Graeme: There are simple, inexpensive strategies using humates and microbes that can rapidly improve profitability but balancing soil minerals is often a long term proposition, particularly when there are budgetary restrictions.
Elise: Yes, you need short term and long term goals. We need to always be up front about time frames.
Graeme: I understand that your attendance at the four-day Certificate in Sustainable Agriculture course was a turning point in your career. It is amazing how often this course has had this kind of life changing impact on growers and consultants around the globe. It is such a rewarding thing to be part of.
Elise: Yes. I started to conceptualise a new path during the four day course but after completing the Master Class I was really inspired to turn a dream into reality. I was impressed with the backup support NTS offers with the entire organisation and this helped with my confidence.
Graeme: What is the major challenge facing farmers in your region?
Elise: Flood recovery has been the main issue this past year. It’s been all about correcting anaerobic soils and leached nutrition.
Graeme: It has been similar issues in Queensland although loss of top soil has also compounded problems here. Humus rich soils invariably do best in terms of nutrient retention and they rebound much more rapidly, but the torrent was so intense in some areas of Queensland that it took all before it, including some of the best top soil in the world. One of our lucky growers actually gained forty feet of top soil in one valley, but most of it ended up in the ocean. Anyway back to my questions. A well founded, fear of recession that has been impacting all industries. Have you seen much impact in agriculture?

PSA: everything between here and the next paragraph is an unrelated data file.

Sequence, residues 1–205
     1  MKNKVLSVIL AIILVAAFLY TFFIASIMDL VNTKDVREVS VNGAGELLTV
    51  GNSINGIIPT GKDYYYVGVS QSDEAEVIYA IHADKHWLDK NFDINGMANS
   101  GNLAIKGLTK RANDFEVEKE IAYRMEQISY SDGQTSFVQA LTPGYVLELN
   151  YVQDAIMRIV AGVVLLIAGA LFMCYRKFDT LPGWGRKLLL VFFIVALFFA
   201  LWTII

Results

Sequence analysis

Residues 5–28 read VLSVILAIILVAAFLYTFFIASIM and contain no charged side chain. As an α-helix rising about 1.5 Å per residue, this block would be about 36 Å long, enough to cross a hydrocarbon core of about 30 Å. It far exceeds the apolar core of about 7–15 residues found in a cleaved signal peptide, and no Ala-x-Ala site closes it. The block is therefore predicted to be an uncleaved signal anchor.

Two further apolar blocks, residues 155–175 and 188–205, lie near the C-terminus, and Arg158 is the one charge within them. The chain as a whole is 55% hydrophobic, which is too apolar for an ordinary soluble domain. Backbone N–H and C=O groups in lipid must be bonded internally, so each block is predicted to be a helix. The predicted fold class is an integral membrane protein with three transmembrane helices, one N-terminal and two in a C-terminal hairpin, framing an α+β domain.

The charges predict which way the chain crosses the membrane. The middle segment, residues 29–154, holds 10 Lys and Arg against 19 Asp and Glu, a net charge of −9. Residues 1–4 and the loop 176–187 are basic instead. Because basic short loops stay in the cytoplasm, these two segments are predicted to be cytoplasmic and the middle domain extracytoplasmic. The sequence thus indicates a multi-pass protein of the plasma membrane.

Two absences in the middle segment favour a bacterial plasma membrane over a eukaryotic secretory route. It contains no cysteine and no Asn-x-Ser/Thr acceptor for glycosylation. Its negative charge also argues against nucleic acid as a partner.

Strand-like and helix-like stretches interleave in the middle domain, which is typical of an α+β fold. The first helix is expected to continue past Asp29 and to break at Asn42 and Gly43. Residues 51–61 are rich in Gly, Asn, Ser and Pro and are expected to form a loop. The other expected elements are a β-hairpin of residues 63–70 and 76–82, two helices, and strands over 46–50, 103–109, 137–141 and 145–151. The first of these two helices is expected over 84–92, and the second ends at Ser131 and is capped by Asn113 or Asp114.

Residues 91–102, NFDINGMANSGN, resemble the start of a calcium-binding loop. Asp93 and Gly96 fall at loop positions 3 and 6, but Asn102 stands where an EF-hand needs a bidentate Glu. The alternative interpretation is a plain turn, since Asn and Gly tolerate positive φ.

Elise: Most definitely. There is so much caution out there. Some see a move into biological agriculture as having an element of risk and there is no appetite for risk at all at present.
Graeme: It is understandable that you would choose to stick with what you know in times of uncertainty but, in actual fact, this is when it is critical to investigate new tools to improve your growing skills and bottom line. When the going gets tough... in my opinion simple little tricks like seed treatment, inoculation with mycorrhizal fungi and inclusion of soluble humate granules with fertilisers become no-brainers in tough times. The whole package can cost less than $10 per hectare and it is a big return for a small investment.
Elise: How could a broadacre grower use those three inputs for just $10 a hectare?
Graeme: We had wonderful results last season inoculating our Nutri-Life Platform® product (mycorrhizal fungi) into wheat crops at planting, at a cost of just $5 per hectare. Soluble humates magnify fertiliser response so reliably, that we have found it safe to suggest that fertiliser use can be slightly reduced to account for the cost of the soluble humates. For example, 5 kg of NTS Soluble Humate Granules™ per hectare is very productive. This costs around $13 per hectare, so you use $13 less fertiliser to cover the cost. The humates essentially become a cost-free exercise. I have never seen anyone who did not do better with the humate additive. Our Seed-Start™ seed treatment costs between $2 and $4 per hectare depending on the seed involved but essentially this gives you a simple three pronged strategy for just $8 or $9 per hectare.
Elise: You’ve sold me!
Graeme: Sorry about that, I can’t help myself. Small changes can be so cheap and yet so productive. We all wish you every success in the Rural Women’s Award. Keep up your great work. Thanks for the talk.
Elise: Thank you.